Still not spotted it?

Again do not be disheartened we are very close to an answer. We will tweak the code once more to point out where the problem is.

var err = 0;
var hashCtx = 1;
var clientRandom = 2;
var serverRandom = 3;
var signedParams = 4;
var hashOut = 5;
function fail(x) {
    Ti.API.info('failed: ' + x);
}
if (err !== 0)
    fail(0);
if ((err === hashCtx) !== false)
    fail(1);
if ((err === clientRandom) !== false)
    fail(2);
if ((err === serverRandom) !== false)
    fail(3);
if ((err === signedParams) !== false)
    fail(4);
    fail(5);
if ((err === hashOut) !== false)
    fail(6);

Run the code again and you should now see the the console says “failed: 5”. But why?

So we should take a look at the “if statement” for “fail(5)” to see what happened.

// these are the values
// err = 0
// signedParams = 4
if ((err === signedParams) !== false)
// this becomes
if ((0 === 4) !== false)

We know that 0 and 4 are not the same so this part must be false. The “if statement” is checking to make sure that the answer is anything except false before it will run the code within the “if statement”. The answer is “false” though.

So why did the “if statement” actually run?

Surprise – it did not and could not have run. Just in case you are still reading (I hope you are – you are learning here) this is the break down of that “if statement” when we collapse it.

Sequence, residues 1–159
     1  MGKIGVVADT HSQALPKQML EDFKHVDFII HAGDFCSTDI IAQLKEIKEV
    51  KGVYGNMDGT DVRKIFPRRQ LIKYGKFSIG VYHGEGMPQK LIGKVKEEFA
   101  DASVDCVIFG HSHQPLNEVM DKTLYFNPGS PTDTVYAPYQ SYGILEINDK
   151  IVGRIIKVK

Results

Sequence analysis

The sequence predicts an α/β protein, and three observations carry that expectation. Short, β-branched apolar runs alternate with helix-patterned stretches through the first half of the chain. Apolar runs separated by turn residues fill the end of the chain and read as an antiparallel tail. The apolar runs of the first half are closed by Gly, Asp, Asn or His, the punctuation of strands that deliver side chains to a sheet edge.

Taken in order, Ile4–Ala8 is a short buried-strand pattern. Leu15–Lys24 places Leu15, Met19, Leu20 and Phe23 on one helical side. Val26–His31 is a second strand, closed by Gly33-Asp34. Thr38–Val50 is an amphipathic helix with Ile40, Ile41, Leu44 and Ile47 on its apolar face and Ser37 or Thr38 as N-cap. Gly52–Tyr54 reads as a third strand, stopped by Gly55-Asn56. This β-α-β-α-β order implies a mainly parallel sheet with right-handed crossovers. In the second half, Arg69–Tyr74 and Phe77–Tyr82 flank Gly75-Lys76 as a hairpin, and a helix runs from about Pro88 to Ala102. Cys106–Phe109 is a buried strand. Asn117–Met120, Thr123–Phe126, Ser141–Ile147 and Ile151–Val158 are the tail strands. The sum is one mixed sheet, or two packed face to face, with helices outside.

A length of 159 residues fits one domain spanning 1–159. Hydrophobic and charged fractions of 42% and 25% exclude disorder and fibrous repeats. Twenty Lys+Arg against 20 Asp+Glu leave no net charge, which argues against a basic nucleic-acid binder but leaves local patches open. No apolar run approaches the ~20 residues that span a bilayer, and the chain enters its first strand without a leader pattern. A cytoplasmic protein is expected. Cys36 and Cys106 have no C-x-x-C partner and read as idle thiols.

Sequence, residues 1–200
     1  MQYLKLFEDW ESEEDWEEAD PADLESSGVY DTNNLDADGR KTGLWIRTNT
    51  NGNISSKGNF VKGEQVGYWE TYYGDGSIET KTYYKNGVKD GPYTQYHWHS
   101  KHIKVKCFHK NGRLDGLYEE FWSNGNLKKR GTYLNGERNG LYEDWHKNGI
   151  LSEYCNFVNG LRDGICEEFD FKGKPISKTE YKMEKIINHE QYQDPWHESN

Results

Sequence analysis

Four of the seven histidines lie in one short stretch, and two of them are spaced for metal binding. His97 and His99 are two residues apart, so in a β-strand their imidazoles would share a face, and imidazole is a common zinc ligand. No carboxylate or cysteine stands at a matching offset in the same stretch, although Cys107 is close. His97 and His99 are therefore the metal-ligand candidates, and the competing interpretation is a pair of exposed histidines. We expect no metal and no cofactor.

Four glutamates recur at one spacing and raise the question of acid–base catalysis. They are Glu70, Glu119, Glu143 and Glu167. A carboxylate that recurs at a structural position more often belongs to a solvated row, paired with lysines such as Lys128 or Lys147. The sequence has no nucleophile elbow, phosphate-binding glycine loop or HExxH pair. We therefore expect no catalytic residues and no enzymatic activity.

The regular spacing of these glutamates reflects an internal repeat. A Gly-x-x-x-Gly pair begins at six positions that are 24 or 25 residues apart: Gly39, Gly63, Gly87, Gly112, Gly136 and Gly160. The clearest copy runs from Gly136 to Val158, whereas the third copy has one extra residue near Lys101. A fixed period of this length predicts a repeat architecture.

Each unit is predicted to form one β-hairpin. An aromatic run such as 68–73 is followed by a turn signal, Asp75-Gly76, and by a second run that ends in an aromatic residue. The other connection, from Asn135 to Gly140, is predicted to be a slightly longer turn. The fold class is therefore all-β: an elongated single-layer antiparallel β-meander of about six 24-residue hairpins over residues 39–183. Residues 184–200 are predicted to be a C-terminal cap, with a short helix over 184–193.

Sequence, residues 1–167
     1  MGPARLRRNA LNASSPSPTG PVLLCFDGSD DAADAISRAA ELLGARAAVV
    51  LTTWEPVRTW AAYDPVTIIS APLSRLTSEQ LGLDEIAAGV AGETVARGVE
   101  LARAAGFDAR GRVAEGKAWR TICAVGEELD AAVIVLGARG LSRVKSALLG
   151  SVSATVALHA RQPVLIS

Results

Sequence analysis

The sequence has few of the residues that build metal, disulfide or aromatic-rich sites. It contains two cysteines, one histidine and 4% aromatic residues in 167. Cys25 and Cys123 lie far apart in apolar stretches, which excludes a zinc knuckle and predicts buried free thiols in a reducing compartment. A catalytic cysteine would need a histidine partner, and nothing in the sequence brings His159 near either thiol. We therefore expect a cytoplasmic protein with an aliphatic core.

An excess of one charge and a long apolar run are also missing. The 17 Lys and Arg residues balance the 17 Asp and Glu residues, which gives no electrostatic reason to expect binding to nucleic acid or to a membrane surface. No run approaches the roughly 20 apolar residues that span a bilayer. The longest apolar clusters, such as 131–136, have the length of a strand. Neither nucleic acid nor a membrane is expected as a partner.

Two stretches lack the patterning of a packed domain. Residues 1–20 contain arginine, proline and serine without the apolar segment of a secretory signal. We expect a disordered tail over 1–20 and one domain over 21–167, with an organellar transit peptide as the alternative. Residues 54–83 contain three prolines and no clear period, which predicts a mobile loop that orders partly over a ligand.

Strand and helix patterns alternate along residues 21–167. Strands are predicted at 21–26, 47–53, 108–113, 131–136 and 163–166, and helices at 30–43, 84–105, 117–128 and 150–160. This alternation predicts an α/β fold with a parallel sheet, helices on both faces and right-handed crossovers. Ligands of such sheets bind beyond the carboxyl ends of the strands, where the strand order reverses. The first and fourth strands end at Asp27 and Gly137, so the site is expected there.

if ((err === signedParams) !== false)
if ((0 === 4) !== false)
if ((false) !== false)
if (false !== false)
if (false)

This shows that the “if statement” could not have actually executed. But we saw “failed: 5” in the console – so weird right? Hang on why did we not also see “failed: 4” as well? As both function calls are in the same “if statement” then surely both should have been shown.

Why are there no braces?

So we know that the “if statement” could not have executed but it appears to have executed, but if it did execute then why only one call to the “fail()” function?

Hopefully by now many of you are asking why we do not have any braces “{}” – this should be part of an “if statement” right? Actually no – they are optional. Here is our code again with braces brackets;

var err = 0;
var hashCtx = 1;
var clientRandom = 2;
var serverRandom = 3;
var signedParams = 4;
var hashOut = 5;
function fail(x) {
    Ti.API.info('failed: ' + x);
}
if (err !== 0) {
    fail(0);
}
if ((err === hashCtx) !== false) {
    fail(1);
}
if ((err === clientRandom) !== false) {
    fail(2);
}
if ((err === serverRandom) !== false) {
    fail(3);
}
if ((err === signedParams) !== false) {
    fail(4);
    fail(5);
}
if ((err === hashOut) !== false) {
    fail(6);
}

If you run this code you will see that nothing appears in the console – but this is the same logic – right? No.

The gotcha that you can avoid

When you have braces for your “if statements” you are saying execute any code inside when this condition is true. However if you do not include braces it actually says execute the next statement.

So if we do not use the braces then only the next statement is part of that “if statement” so in our case “fail(4);” is the next statement, whereas “fail(5);” is not part of the “if statement”. So if we add the braces into the code as they are actually interpreted under these rules they look like this;